The codes of conduct practiced in the court of the greatest king of Britain and the "castle" of a carl could fundamentally agree only in a chivalric romance. The unity of Sir Gawain and the Carle of Carlisle consists in its coherently popular rendition of ostensibly aristocratic, chivalric values, embodied equally in Sir Gawain and a metamorphosed churl. Moreover, the poem is stylistically all of a piece, so that Arthur's call to the hunt, the somewhat spurious roster of knights of the Round Table, Kay's crankiness, Baldwin's mincingness, Gawain's steadfastness, the Carle's bluffness, or the daughter's frank concern about her noble sexual partner - all are given in the same lively register. The boisterous and blunt manner of the Carle and his household is itself a central feature of the poem's narrative effect, and this is in turn a main source of enjoyment for readers of Carlisle.


Sir Gawain and the Carle of Carlisle was probably composed in the northwest of England around 1400, and copied by a scribe from the northwest midlands. It survives in a single manuscript, Porkington MS 10 (also known as Harlech MS 10, and Brogyntyn MS), in the National Library of Wales at Aberystwyth; this copy, made perhaps in Shropshire, dates from about 1460 or a little later. Carlisle occurs near the beginning, at folios 12-26v. The manuscript is truly a miscellany, containing lyrics, Christmas carols, prophesies, prognostications, a chronicle, meteorological, astrological, botanical, and agricultural tracts, moral, devotional, and instructional writings, a saint's life, popular bawdy tales, and a prose romance. The scribe of Carlisle has drawn lines and brackets to mark the standard three-line unit (couplet plus tail-rhyme); these markings are themselves sometimes irregular, however, and do not give clear guidance for larger units or stanza breaks. Nonetheless, the rhyme scheme and the movement of the narrative clearly indicate that Carlisle is written in twelve-line tail-rhyme stanzas, ordered aabccbddbeeb, though rhymes are sometimes defective and stanzas irregular. I have followed the practice of earlier editors in inserting stanza breaks, though because of the text's uncertainties the present edition sometimes differs in where stanzas begin or end.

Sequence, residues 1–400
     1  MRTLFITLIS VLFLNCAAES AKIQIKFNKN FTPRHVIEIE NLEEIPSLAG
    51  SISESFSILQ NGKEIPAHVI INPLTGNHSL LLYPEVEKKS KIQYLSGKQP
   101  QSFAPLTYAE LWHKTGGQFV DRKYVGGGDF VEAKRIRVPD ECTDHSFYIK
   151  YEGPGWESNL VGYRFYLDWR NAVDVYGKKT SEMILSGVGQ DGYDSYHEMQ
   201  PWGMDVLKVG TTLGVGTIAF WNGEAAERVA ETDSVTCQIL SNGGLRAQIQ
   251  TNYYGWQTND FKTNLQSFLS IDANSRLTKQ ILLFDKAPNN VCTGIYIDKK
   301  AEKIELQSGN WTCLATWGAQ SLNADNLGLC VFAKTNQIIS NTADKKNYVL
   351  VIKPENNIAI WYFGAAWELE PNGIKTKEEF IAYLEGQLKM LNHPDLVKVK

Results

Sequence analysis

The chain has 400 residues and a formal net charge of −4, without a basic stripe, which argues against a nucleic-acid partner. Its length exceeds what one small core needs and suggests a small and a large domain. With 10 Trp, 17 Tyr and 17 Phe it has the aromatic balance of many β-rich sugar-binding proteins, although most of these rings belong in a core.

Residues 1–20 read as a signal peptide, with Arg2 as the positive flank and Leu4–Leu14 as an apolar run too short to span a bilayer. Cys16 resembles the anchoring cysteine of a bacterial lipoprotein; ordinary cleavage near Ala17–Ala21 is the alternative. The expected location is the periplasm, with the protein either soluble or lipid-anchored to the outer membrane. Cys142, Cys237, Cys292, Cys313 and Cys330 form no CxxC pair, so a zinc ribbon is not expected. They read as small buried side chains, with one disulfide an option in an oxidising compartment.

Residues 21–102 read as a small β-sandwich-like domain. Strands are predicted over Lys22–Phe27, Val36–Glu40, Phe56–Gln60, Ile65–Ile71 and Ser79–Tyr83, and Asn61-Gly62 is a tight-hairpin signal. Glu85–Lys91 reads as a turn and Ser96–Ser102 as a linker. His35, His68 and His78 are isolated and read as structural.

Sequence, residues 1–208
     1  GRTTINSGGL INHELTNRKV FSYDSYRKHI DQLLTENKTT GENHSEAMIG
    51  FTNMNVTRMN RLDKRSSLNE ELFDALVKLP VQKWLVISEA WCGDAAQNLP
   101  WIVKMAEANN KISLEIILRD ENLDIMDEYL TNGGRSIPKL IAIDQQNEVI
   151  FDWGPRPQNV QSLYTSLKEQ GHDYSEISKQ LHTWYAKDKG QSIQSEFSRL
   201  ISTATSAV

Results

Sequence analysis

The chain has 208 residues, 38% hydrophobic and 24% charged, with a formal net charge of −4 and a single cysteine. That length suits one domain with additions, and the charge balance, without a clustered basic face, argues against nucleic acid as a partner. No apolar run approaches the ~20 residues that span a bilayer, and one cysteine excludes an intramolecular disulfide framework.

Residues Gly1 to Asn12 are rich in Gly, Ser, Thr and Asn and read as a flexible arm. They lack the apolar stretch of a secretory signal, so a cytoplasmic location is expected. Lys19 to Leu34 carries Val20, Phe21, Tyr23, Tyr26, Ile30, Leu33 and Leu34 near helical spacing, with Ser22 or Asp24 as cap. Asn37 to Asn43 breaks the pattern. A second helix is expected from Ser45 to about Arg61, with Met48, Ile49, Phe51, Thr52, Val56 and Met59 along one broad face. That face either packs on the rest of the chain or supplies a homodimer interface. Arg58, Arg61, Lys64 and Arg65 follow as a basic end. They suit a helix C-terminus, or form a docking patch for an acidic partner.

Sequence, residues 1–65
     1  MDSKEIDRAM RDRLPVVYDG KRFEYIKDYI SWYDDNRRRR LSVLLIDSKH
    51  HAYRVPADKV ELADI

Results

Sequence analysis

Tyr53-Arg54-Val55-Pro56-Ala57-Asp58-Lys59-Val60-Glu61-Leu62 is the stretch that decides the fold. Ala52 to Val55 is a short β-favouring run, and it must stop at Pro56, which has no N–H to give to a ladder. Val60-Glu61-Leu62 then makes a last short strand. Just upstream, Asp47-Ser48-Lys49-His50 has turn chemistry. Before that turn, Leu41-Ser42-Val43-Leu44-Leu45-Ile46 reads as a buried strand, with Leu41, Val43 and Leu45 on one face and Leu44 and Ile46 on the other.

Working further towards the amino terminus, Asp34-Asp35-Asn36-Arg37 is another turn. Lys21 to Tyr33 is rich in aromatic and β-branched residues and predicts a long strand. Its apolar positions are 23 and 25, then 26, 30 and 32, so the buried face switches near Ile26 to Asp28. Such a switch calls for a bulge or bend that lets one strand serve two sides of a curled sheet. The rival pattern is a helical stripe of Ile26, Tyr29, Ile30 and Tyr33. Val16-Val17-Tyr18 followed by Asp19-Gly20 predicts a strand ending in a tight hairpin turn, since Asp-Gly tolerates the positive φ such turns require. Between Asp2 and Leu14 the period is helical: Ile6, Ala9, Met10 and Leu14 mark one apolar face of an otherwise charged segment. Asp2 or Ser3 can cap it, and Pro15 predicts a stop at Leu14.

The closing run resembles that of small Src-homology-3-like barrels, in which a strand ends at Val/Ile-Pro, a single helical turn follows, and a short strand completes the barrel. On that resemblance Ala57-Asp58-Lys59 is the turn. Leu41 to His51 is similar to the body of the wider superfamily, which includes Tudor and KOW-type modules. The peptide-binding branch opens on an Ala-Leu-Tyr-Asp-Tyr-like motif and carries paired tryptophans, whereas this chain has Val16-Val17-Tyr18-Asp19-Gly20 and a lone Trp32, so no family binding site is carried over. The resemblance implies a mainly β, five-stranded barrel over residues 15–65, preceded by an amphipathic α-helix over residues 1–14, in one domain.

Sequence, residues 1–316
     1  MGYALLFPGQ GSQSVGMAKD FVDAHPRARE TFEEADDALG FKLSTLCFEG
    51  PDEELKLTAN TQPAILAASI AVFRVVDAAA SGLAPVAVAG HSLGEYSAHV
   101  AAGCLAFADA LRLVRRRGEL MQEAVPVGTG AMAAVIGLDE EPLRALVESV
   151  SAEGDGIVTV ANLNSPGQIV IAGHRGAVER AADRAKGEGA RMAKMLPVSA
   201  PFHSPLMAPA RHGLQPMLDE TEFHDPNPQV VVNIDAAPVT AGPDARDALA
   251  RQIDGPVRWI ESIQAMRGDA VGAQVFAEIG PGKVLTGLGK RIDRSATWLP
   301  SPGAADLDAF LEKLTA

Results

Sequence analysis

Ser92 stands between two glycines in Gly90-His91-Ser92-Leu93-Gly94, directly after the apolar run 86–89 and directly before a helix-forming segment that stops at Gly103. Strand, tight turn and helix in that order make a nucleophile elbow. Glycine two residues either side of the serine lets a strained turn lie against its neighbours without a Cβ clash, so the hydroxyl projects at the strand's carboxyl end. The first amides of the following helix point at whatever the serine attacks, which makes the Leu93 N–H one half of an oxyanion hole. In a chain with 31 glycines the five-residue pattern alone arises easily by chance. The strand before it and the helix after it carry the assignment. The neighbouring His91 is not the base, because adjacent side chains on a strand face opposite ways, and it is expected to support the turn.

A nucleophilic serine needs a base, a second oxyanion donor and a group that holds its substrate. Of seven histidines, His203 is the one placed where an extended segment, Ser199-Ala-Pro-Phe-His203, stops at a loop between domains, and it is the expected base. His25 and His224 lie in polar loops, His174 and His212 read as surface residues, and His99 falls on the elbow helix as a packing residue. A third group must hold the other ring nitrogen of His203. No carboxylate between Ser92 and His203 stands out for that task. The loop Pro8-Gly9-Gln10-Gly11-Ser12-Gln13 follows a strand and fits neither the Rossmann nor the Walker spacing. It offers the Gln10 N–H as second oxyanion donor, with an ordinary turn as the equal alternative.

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Selected Bibliography


National Library of Wales, Porkington MS 10 (also known as Harlech MS 10 or Brogyntyn MS).

Editions (arranged chronologically)

Madden, Frederic. 1839. See Bibliography of Editions and Works Cited.

Ackerman, Robert W., ed. Syr Gawane and the Carle of Carelyle. University of Michigan Contributions in Modern Philology, 8. Ann Arbor: University of Michigan Press, 1947.

Kurvinen, Auvo, ed. Sir Gawain and the Carl of Carlisle: In Two Versions. Suomalaisen Tiedakatemian Toimituksia (Annales Academiae Scientiarum Fen-nicae). Series B.71.2. Helsinki, 1951.

Sands, Donald B. 1966. See Bibliography of Editions and Works Cited.

Shibata, Yoshitaka. "Sir Gawain and the Carl of Carlisle: A Japanese Translation." Tohoku Gakuin University Review: Essays and Studies in English Langauge and Literature (Tohoku Gakuin Daigaku Ronshu, Eigo-Eibungaku) 75 (1984), 1-37.